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 Discussions abound these days about The Internet of Things—this interconnection of all our gadgets, appliances and computing devices that can share information. Those conversations, though, usually have to do with consumer privacy and business security issues or future marketing opportunities associated with this information technology.

But what about the impact on the networking professionals responsible for supporting such network-connected devices in the workplace? They’re stuck in the middle. They must contend with employees’ expectations as well as the needs of security experts responsible for ensuring information security in the enterprise.

The Internet of Things is certainly on the mind of Jim Gogan, Interim Director of Communication Technologies at Information Technology Services.

The Internet of Things vexes networking

“One of the biggest challenges for anybody in networking in a large institution these days,” Gogan said, “is the commoditization of network appliances and network devices—this whole Internet of Everything or The Internet of Things you hear about, and the development of more and more stuff that is network connected in the homes, and then folks trying to bring that stuff into an enterprise environment.”

“In a home you may have one switch, one wireless access point, a couple of computers, one TV,” he said. For that consumer environment, it’s very easy for a company like Google with Chromecast or Apple with Apple TV or Sonos with its wireless speakers, to promise that “your computer can see these speakers no matter where you go in the house or these speakers can talk to all the other speakers in your house,” he said.

Managing expectations is challenging

Jim Gogan headshotA university setting, though, is a different story. “Then somebody brings that stuff onto campus,” Gogan said, “and 60,000 computers are seeing their speakers and their speakers are one pair of 15,000 other speakers and they complain to us it doesn’t work like it does at home, to which my response is ‘Duh.’”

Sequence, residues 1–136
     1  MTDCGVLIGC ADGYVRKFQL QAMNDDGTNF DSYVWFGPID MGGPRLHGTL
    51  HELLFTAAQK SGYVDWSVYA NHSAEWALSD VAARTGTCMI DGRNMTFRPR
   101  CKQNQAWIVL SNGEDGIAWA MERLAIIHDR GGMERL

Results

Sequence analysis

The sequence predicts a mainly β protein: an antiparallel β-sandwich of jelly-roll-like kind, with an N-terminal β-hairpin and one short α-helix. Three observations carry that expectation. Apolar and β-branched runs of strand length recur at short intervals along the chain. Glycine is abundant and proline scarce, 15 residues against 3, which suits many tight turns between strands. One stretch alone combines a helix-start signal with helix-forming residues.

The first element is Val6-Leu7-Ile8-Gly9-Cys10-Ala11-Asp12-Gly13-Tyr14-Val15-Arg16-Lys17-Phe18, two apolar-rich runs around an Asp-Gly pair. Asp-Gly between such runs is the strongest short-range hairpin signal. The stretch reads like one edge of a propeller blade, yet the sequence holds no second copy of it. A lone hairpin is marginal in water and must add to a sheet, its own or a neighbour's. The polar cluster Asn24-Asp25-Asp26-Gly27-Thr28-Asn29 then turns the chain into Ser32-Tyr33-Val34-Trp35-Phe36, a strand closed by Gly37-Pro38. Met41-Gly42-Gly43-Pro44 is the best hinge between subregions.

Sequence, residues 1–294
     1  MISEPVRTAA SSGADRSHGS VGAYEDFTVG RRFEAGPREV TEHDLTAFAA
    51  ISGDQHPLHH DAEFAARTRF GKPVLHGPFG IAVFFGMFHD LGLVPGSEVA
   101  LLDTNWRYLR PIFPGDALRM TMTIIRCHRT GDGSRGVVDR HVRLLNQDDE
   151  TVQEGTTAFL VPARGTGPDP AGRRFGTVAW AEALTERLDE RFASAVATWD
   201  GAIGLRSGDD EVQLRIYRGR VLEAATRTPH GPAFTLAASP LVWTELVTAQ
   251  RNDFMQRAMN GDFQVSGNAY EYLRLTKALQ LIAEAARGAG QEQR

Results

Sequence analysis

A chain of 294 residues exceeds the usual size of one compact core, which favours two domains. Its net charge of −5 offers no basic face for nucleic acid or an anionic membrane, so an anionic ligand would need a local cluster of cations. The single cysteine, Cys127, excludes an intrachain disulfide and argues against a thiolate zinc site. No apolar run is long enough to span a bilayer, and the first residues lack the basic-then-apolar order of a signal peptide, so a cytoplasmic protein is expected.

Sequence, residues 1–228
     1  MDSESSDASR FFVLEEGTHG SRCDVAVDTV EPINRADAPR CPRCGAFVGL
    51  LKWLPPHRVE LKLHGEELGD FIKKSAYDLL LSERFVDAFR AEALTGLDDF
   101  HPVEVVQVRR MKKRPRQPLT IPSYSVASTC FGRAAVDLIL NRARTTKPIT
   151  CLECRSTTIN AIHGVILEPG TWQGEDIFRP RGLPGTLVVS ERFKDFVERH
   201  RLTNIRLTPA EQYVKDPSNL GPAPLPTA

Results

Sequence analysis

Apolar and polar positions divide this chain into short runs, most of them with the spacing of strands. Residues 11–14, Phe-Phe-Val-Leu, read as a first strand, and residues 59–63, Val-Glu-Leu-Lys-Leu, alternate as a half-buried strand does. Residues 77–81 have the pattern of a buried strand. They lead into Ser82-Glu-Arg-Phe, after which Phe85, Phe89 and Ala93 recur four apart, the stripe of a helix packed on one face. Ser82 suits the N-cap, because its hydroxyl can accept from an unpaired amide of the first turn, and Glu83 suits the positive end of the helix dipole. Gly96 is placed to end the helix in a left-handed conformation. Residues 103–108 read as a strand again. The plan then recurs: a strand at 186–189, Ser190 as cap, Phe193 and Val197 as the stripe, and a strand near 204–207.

“The management of expectations in terms of why things that are designed for the home market really don’t work in a university with 60,000 computing devices and 4,000 network switches and 5,000 access points—it just doesn’t scale,” he said.

Networking professionals get frustrated with vendors for not developing scalable products for the enterprise. And users are frustrated because what they enjoy at home doesn’t measure up in the workplace.

“It’s tough,” Gogan said. Here on the Carolina campus, he said, “it’s tough for students in the residence halls too. Because for all intents and purposes, that is their home. So we have the challenge, of OK, how do we make things designed for the home market work in a student’s home when it’s not an isolated network like it would be in a real home.”

ResNET is a valuable partner

Student using devices in dorm roomITS Communication Technologies has a strong partner with which to meet this challenge of serving students’ needs. That partner is ResNET, which provides on-site IT support, education and the technology infrastructure for the UNC-Chapel Hill residential communities.

The staff members at ResNET “are extraordinarily valuable in so many ways” in addressing the issues that arise in this Internet of Things era, Gogan said. “I’ve seen them help manage expectations with students in a very professional manner as to what can and can’t work and why; do decades (sometimes in one weekend!) of research on Google looking for ideas from other campuses or workarounds for some of these devices; help students update software or drivers for their systems; and even provide them patch cables (yes, CABLES!!!!), as a last resort, to connect their recalcitrant device up to Ethernet.”

“Fortunately,” he added, “Chris Williams and the ResNET folks are just phenomenal. I love them. They do phenomenal work.”

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